Metatextual superhero stories are sort of having a moment. Watchmen has a TV reboot on HBO, ‘Joker’ is an ambitious and transgressive remix of one of DC’s most beloved stories, and a third Deadpool movie seems all but guaranteed.
Why do modern audiences have such an appetite for stories showing the flaws in superhero stories? To be sure, it’s partially because of how over-saturated the market is with superhero movies and shows. DC and Marvel have released 30 films in their cinematic universes since 2007, and certain tropes — like the big blue laser beam of death, the team of plucky, quirky heroes, and the vaguely sympathetic lonely genocidal villain — bubble to the top.
I can’t really get into superhero shows and movies, but those I like tend to be on the outskirts of the big releases, such as Spider-Man: Into the Spider-Verse (which I think is the best Spider-Man film made so far) or Logan (which I think is the best X-Men film made so far).
So I was pleasantly excited to hear about Amazon’s TV adaption of The Boys, a late 2000’s comic series about a Justice League-esque team of sadistic, careless, and often simply evil superheroes.
Like its source material, season 1 of ‘The Boys’ is violent, offensive, and soaked in a 110-gallon steel drum of dark humor. The show’s first episode opens with a member of The Seven, the world’s greatest superheroes, accidentally blasting a civilian into a mess of blood and gore. Another member of the group manipulates and rapes a different member of the main cast, and a third member murders scores of innocent civilians to protect a political secret.
To its credit, I think the show does a great job portraying how awful these actions are while still deriving comedy from them. But that’s just my experience — you should be prepared for pretty upsetting material going in.
The superheroes are, for the most part, our antagonists, along with the mega corporation that controls them. The show’s best moments come when they tussle with ‘The Boys’ — a rough group of military agents, mercenaries, superheroes-turned-actual-heroes and Hughie, a mild-mannered guy whose girlfriend was killed by a superhero.
Karl Urban and Jack Quaid are great as the show’s dual leads, but the show falters at times when it starts to dwell on Mother’s Milk, Frenchie and Kimiko, the other members of The Boys. Those three especially feel like characters written by consulting TV Tropes. Their relationships are interesting, but not what makes the show fun to me, and the season spends a lot of time with them near its end.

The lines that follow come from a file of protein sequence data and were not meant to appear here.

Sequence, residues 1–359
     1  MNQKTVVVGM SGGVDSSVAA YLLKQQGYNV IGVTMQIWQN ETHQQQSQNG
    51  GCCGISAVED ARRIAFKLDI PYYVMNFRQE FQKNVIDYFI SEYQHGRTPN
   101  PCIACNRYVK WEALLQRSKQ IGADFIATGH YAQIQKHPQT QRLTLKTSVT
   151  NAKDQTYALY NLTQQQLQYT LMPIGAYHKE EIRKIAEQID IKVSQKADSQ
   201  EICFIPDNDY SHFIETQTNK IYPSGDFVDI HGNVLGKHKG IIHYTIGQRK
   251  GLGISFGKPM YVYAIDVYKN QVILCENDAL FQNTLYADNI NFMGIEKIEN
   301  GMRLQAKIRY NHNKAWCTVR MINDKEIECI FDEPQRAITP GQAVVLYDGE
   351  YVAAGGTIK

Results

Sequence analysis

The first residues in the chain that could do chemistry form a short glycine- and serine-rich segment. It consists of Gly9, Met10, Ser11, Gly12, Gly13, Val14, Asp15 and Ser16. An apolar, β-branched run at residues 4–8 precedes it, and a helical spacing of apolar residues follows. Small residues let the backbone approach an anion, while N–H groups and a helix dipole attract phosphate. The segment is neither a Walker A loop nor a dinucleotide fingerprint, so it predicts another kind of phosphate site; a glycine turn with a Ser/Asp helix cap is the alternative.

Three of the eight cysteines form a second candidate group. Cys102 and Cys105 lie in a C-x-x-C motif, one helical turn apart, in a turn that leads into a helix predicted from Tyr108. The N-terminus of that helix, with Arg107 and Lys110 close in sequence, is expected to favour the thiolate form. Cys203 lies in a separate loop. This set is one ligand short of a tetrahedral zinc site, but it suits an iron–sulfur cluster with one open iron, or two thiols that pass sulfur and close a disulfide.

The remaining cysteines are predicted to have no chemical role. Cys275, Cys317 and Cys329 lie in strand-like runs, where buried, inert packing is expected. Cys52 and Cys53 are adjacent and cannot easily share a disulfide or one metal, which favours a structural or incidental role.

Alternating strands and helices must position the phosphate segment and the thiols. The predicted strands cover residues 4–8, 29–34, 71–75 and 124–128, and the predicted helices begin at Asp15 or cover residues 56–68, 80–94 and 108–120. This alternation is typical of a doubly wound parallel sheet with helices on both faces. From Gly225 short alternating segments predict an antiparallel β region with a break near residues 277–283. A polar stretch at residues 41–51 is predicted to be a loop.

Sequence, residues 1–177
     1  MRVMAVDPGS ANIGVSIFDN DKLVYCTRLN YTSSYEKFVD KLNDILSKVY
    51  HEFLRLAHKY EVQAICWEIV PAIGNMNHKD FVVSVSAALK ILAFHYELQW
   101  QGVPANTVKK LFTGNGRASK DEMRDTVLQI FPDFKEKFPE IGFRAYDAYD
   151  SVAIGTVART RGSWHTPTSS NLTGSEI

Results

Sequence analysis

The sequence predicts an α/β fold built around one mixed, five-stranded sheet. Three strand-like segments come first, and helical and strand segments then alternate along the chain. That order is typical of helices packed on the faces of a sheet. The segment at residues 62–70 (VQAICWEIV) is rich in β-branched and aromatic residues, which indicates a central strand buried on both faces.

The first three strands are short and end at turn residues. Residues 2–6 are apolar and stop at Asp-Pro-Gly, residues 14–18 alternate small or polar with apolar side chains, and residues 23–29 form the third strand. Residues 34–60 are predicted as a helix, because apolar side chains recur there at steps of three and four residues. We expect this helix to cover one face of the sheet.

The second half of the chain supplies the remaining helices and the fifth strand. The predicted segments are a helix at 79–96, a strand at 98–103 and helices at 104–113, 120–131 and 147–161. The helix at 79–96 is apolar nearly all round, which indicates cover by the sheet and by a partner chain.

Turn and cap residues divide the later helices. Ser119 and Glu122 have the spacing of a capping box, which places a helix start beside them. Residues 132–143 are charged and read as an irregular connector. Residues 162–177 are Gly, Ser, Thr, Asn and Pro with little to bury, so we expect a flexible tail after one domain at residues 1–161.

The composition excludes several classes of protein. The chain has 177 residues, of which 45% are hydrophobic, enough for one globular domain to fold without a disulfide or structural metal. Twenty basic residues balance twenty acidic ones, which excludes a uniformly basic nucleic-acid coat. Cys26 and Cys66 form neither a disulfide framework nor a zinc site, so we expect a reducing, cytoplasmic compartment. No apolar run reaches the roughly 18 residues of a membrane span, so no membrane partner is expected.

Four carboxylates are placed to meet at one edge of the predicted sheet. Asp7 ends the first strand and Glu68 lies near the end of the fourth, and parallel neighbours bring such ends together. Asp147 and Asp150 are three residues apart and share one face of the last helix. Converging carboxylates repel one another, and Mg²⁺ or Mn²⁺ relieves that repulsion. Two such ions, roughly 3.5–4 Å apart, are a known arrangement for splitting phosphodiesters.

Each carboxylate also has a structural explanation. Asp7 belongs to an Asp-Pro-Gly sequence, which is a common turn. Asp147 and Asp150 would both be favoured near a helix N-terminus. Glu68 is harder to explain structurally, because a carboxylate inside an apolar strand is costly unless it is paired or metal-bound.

But the main crew of superheroes is consistently delightful — whether it’s The Deep being an insecure asshole, Homelander and Queen Maeve fighting through painful moral quandaries and personal trauma, or Black Noir just hanging out in the background.
Starlight, the moral conscious of The 7, is performed splendidly by Erin Moriarty. She’s one of the few people in the series whose goals start and end with making the world a better place. While her story is built on surviving trauma and abuse, I hope that next season pushes her into more of a decision-making and plot driving role.
It’s one of the bigger weaknesses of the season that most of the female characters’ stories involve enduring lifetimes of abuse and manipulation, and it mires the season in a bit of predictability. Kimiko gets the worst of it — although the seemingly obvious stereotypes her character falls into might be intentional. It’s hard to tell.
The later episodes also strain the protagonists’ luck a bit far — it’s hard to imagine ‘The Boys’ surviving as long as they do against ‘The Seven’ without the aid of Compound V, which they use in the comic series.
All that said, ‘The Boys’ is off to a solid start. It pulls off a difficult-to-navigate premise with a couple dozen truly hilarious moments, and I hope to see it grow beyond its missteps and keep being a smart satire of celebrity culture, entertainment, and superhero stories in general.
I give Season 1 a solid B-.